Statin use is associated with a decreased rate of uncontrolled disease and revision surgery in patients with chronic rhinosinusitis (CRS) who had endoscopic sinus surgery (ESS), according to study results presented at the American Academy of Otolaryngology-Head and Neck Surgery Foundation (AAO-HNSF) 2022 Annual Meeting and OTO Experience, held from September 10-14, 2022 in Philadelphia, Pennsylvania.

Researchers assessed the effects of statins on postoperative outcomes and recurrence in patients with CRS who underwent ESS from 2017 to 2021.

A total of 380 patients (82 patients were taking statins and 298 patients were not taking statins) who completed follow-up for more than 3 months were enrolled. The researchers compared subjective symptoms, postoperative endoscopic scores, and olfactory function outcomes between the statin treatment group and the statin-free group. Multivariate analysis was conducted to assess the effect of statins on postoperative outcomes as determined by the necessity of revision surgery.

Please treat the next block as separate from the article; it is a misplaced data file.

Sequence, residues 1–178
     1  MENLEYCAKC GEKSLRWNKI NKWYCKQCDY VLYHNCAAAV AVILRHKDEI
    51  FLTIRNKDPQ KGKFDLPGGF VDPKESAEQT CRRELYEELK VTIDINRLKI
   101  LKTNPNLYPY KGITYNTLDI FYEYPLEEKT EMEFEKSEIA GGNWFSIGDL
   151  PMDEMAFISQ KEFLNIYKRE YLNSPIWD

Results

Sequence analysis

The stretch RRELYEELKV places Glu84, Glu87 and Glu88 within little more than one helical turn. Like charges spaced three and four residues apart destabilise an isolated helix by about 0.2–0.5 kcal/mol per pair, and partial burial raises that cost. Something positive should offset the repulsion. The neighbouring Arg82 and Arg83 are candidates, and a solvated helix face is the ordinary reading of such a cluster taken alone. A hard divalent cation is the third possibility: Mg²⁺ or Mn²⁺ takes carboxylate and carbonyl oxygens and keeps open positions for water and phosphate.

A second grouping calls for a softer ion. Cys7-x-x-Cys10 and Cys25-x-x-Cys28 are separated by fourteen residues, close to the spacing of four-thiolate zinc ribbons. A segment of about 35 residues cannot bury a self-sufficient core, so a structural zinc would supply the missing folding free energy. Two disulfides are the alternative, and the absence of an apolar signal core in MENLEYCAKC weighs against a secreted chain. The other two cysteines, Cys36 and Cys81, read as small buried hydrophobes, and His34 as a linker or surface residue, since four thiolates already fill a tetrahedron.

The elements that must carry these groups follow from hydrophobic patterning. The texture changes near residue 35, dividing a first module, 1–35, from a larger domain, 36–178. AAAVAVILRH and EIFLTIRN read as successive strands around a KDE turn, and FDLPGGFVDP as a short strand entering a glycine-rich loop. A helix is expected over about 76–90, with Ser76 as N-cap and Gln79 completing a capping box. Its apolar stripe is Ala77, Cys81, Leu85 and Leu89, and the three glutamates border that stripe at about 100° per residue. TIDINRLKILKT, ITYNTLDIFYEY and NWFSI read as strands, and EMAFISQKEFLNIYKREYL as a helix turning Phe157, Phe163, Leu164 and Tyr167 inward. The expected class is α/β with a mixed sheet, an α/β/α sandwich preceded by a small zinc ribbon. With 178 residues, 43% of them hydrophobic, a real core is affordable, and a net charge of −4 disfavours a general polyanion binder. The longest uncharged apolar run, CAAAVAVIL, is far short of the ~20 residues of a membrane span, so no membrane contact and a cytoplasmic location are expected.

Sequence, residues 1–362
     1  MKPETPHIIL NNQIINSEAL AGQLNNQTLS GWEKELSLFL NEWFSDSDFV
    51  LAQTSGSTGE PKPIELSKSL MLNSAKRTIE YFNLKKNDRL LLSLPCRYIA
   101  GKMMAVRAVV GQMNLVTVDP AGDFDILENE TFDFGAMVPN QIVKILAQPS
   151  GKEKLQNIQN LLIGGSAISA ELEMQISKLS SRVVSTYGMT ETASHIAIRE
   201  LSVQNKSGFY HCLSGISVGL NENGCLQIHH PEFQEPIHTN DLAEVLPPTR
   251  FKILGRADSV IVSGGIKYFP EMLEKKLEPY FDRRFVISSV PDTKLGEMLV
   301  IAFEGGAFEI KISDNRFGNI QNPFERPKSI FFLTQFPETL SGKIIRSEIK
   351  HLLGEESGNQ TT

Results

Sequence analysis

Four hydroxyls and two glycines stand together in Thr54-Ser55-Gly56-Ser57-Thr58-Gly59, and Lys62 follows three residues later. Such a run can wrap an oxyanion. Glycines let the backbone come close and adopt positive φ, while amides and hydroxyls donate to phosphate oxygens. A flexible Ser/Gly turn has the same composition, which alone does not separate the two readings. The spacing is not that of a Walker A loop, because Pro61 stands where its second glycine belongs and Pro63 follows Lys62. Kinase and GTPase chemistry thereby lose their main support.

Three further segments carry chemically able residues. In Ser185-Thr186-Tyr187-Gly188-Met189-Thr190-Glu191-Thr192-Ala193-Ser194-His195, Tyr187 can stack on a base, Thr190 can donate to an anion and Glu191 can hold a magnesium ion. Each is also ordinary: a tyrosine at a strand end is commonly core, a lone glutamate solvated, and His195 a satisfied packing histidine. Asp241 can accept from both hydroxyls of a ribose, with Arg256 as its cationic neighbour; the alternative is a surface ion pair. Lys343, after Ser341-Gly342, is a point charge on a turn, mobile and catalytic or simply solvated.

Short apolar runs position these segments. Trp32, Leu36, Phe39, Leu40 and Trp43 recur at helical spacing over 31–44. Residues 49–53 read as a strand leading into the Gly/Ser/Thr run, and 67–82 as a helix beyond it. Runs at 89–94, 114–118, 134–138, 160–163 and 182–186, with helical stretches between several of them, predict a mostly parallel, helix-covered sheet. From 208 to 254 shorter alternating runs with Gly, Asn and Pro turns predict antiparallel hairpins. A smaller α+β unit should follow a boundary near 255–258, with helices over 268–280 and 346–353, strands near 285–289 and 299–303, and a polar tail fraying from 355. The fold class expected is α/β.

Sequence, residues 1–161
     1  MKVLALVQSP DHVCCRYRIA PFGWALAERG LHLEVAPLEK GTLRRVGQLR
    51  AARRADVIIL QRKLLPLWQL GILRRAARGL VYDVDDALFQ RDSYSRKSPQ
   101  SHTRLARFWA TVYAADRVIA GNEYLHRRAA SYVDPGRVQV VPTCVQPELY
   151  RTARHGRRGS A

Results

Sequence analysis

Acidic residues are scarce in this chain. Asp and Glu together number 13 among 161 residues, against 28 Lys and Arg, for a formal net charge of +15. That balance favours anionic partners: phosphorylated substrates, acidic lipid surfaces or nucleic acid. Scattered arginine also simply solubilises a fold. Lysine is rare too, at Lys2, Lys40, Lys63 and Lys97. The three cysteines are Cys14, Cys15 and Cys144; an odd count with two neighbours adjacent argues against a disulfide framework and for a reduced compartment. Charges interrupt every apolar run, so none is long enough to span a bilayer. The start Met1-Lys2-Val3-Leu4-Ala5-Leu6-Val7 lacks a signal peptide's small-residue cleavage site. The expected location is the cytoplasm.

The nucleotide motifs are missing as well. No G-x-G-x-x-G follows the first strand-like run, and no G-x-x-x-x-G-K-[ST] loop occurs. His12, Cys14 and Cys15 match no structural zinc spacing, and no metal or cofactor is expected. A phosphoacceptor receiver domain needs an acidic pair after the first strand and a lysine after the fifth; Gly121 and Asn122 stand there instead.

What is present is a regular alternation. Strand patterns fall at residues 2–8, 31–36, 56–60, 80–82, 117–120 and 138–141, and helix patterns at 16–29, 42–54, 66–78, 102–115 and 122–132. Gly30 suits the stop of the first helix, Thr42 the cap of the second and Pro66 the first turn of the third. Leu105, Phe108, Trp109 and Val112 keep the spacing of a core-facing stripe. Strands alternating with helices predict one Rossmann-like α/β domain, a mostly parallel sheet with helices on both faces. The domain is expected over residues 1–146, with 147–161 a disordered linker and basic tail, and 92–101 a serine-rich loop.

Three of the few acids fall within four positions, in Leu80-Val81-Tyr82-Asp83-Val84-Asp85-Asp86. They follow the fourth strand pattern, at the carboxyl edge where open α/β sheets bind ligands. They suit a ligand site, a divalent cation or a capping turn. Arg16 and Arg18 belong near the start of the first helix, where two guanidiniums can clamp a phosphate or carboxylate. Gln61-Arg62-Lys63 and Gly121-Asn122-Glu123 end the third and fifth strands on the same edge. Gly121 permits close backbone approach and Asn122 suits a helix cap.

Compared with patients with CRS who were not taking statins, those who were taking statins had a statistically significant decrease in the rate of uncontrolled disease (43.6% vs 34.5%, respectively; P =.032).

Statin use was significantly associated with a reduction in the rate of revision surgery (odds ratio, 0.412; P <.05; 95% CI, 0.179-0.951) according to multivariate analysis. At 12 months post-surgery, the discharge score of the Lund-Kennedy scoring system indicated significant improvement in patients receiving statins vs those not taking statins (P <.05).

“Statin medication showed significant beneficial effects in improving postoperative outcomes after ESS,” the researchers stated.

Reference

Min J-Y, Min HK. The effect of statin medication on postoperative outcomes in patients with chronic rhinosinusitis. Abstract presented at: AAO-HNSF 2022 Annual Meeting and OTO Experience; September 10-14, 2022; Philadelphia, PA.

This article originally appeared on Pulmonology Advisor